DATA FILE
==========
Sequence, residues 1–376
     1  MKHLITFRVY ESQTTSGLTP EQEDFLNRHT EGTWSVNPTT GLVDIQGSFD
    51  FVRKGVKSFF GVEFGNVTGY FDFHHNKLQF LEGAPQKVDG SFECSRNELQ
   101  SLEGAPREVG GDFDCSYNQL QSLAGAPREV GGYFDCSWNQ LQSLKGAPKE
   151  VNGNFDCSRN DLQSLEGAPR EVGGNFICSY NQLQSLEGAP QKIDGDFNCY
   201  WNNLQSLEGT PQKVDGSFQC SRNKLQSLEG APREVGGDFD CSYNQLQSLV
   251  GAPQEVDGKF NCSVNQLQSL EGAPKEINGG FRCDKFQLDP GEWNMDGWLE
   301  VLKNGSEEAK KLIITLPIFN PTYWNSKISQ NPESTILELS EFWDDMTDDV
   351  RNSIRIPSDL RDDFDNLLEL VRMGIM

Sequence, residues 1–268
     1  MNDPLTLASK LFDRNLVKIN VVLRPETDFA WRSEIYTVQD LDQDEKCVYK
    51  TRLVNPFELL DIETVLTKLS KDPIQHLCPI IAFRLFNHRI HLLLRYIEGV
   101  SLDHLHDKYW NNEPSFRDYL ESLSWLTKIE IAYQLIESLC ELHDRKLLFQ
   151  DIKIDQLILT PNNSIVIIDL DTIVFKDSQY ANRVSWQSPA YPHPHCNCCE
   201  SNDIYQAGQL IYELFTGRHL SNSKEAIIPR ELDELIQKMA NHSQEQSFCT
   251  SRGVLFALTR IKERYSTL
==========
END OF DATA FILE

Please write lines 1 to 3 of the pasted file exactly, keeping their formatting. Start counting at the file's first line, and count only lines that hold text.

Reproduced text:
Sequence, residues 1–376
     1  MKHLITFRVY ESQTTSGLTP EQEDFLNRHT EGTWSVNPTT GLVDIQGSFD
    51  FVRKGVKSFF GVEFGNVTGY FDFHHNKLQF LEGAPQKVDG SFECSRNELQ